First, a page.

Wednesday, August 5, 2015

Captures - Vivacious Lady

{Captures is a deep dive into the seemingly bottomless well of movies previously unavailableon DVD.}

While George Stevens is far from becoming a forgotten filmmaker, it’s undeniably true that his name and work are mentioned far less often than those of his contemporaries such as John Ford and Howard Hawks. Part of the reason for his relatively low profile may be that he was never quite as prolific as other directors of the era. He began his career as a cameraman before becoming a dependable director of comedy shorts for Hal Roach and later RKO. Moving into features, Stevens helmed several acknowledged classics in the late 30s and early 40s before the outbreak of World War II.

Stevens was one of several filmmakers who played a key part in the war effort, capturing legendary black-and-white and color footage of Nazi concentration camps and D-Day. But after the war, Stevens’ output slowed down considerably. He made only 8 films between 1948 and 1970. Granted, these included some of the best work of his career, including Shane and Giant. Nevertheless, it’s far less than Ford and Hawks turned out over the same period.

Vivacious Lady, a breezy romantic comedy directed by Stevens in 1938, is no classic but it’s deserved a better fate than languishing in obscurity for so long. James Stewart, just starting on his transition from “what-the-hell-do-we-do-with-this-guy” to leading man, stars as botany professor Peter Morgan. Tasked with fetching his philandering cousin Keith (James Ellison) home from New York, he instead falls head over heels in love with the object of Keith’s affection, nightclub singer Francey (Ginger Rogers). After a whirlwind courtship of less than 24 hours, Peter and Francey impulsively decide to get married.

Peter brings his new bride home to the staid college town of Old Sharon where his father (Charles Coburn) is president of the university. But after seeing Francey get off the train with Keith, Mr. Morgan makes a snap judgment against the blonde hussy and will hear no more about it, leaving Peter far too flummoxed to tell his parents or social-climbing fiancée (Frances Mercer) about his new marital status.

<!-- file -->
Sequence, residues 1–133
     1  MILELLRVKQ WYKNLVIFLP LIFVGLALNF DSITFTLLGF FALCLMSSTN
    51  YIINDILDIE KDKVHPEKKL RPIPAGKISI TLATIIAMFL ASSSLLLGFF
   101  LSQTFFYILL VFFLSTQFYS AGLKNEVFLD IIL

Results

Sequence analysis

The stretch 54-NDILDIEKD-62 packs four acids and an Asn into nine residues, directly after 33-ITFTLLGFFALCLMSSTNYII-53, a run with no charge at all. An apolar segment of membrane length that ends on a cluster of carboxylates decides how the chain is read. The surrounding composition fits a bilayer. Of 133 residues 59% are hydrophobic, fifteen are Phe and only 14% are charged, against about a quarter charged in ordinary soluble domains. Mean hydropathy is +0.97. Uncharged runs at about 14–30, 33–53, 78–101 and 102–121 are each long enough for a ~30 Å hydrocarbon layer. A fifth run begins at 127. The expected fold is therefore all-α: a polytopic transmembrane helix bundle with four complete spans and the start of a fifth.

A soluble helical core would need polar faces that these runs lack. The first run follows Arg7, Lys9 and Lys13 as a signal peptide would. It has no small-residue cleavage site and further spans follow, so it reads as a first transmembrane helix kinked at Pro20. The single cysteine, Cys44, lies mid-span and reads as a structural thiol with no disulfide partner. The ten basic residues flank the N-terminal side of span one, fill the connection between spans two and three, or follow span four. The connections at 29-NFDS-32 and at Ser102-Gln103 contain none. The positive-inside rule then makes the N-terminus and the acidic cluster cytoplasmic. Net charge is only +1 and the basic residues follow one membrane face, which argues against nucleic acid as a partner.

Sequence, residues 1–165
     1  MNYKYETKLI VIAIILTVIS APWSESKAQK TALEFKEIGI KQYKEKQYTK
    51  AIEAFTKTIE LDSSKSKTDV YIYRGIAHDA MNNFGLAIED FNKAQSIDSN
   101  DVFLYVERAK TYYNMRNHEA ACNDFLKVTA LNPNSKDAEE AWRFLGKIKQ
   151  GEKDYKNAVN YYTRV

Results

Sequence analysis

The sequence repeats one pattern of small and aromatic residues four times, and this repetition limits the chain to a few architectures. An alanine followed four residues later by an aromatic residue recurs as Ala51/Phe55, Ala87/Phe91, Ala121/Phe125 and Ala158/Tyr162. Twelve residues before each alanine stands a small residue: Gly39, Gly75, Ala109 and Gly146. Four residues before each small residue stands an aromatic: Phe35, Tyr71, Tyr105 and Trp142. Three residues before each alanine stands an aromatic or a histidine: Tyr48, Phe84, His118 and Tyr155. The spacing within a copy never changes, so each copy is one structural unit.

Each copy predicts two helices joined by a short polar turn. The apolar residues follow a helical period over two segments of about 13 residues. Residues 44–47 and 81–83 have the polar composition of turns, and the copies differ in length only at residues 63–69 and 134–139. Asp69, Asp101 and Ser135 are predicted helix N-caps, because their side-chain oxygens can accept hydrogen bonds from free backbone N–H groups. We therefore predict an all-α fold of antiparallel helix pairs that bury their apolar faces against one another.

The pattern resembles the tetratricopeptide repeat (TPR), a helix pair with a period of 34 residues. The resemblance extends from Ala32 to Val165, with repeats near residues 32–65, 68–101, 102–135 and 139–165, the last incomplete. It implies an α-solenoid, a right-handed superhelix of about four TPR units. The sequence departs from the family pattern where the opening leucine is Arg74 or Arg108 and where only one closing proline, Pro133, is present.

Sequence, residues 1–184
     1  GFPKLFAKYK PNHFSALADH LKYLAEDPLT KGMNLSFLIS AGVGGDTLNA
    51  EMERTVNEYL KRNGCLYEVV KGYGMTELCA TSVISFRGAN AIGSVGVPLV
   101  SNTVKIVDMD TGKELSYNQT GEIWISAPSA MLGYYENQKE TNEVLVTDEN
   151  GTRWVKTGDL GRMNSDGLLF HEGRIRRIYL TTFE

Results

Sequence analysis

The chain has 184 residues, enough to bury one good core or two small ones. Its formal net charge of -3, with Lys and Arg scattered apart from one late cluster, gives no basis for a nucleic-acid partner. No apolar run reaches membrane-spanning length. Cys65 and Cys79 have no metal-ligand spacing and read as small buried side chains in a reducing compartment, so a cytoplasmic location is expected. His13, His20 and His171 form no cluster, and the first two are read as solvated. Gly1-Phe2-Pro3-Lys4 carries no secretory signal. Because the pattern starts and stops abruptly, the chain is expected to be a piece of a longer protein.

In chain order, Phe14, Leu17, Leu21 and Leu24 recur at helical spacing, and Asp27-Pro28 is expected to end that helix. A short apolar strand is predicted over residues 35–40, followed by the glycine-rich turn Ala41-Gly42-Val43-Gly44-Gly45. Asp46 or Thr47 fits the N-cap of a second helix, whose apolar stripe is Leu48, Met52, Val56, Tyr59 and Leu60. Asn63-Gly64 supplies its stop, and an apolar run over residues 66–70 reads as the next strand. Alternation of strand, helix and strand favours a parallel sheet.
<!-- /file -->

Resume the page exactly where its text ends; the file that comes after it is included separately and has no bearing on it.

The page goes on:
Even by screwball comedy standards, the plot of Vivacious Lady is outlandishly contrived. The entire film hinges on Peter’s total inability to convey a single bit of information to his family (not to mention Francey’s willingness to put up with this and not just drop the bombshell herself). And while Jimmy Stewart was certainly a world-champion hemmer and hawer, this strains even his abilities. But Stewart and Rogers have terrific chemistry together and if that were all the movie had going for it, it’d probably be enough to carry it a long way.

In fact, it’s the interplay between the supporting characters, particularly the women, that makes Vivacious Lady worth revisiting. Beulah Bondi appears as, surprise surprise, Stewart’s mother and she shares several affecting scenes with Rogers, sneaking cigarettes behind her husband’s back and sharing marital secrets. It’s a very pleasant surprise to see such genuine moments of female bonding in a movie of any vintage, much less one from 1938. While on the opposite end of the spectrum, Rogers and Mercer get into it with a truly hilarious fight scene. Even if you like nothing else about the movie, you’ll probably like this scene.

If the men don’t fare quite as well, there is at least a case to be made for James Ellison’s performance as Keith. When Peter and Francey return as husband and wife, a more predictable movie would have found Keith in a rage at Peter for stealing his girl. Instead, he reacts with minor irritation, followed quickly by resignation and bemusement at Peter’s predicament. It’s as if Keith knew he never really planned on asking Francey to marry him. He’s just out for a good time. If anything, he seems happier to have Francey as a pal and in-law than as a wife. The characters seem more believable thanks to this platonic but still flirtatious relationship.

It’s too bad Stewart and Rogers never made another movie together after Vivacious Lady. Jimmy could have been to Ginger’s comedy career what Fred Astaire was to her musical career. As for George Stevens, he would eventually begin to focus on more serious-minded pictures but first, he’d go on to make a few more crackling romantic comedies, including the classic Tracy-Hepburn team-up Woman Of The Year. And while all involved would go on to make better pictures, Vivacious Lady remains an entertaining step in the evolution of their careers.

Vivacious Lady is now available on MOD DVD from the Warner Archive Collection.

No comments:

Post a Comment